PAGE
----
According to a new study published in JAMA, the quality of diet in middle-aged adults is not associated with future risk for dementia.
Researchers at the University College London (UCL) and Inserm, Paris, prospectively analysed data from 8225 individuals (average age 50 years) without dementia over 2 decades. Participants were asked to complete diet questionnaires to assess the quality of their diets. Healthier diets were considered to be the ones comprising a higher intake of vegetables, fruits, whole grains, nuts and legumes, omega-3 fatty acids and most polyunsaturated fatty acids.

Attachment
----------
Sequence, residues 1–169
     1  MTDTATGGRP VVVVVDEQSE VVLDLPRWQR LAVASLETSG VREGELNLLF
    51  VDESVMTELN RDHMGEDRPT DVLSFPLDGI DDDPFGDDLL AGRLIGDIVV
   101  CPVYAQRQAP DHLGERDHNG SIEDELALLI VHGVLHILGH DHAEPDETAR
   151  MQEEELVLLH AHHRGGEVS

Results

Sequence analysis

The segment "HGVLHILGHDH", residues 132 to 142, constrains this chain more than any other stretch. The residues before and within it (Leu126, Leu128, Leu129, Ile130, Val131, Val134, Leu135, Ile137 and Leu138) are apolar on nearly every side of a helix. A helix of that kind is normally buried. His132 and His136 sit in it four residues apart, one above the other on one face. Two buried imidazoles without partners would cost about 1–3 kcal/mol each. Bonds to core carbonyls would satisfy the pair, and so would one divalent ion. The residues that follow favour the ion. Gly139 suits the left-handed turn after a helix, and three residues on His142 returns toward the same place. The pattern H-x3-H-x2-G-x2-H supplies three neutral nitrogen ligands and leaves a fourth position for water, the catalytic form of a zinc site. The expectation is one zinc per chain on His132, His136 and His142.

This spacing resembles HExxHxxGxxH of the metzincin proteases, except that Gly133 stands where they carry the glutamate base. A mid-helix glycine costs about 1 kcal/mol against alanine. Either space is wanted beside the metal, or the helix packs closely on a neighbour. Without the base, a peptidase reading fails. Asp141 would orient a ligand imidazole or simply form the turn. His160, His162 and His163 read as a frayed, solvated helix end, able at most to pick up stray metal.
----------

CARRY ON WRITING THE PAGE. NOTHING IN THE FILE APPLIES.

After 25 years, 344 cases of dementia were recorded. The findings showed that repeated assessments of diet quality during midlife did not have any substantial association with subsequent risk for dementia. However, the study did find an association between quality of diet and mortality.
The authors call for further studies to investigate whether diet has a role to play in dementia prevention in combination with other lifestyles or in sub-groups at higher risk for dementia.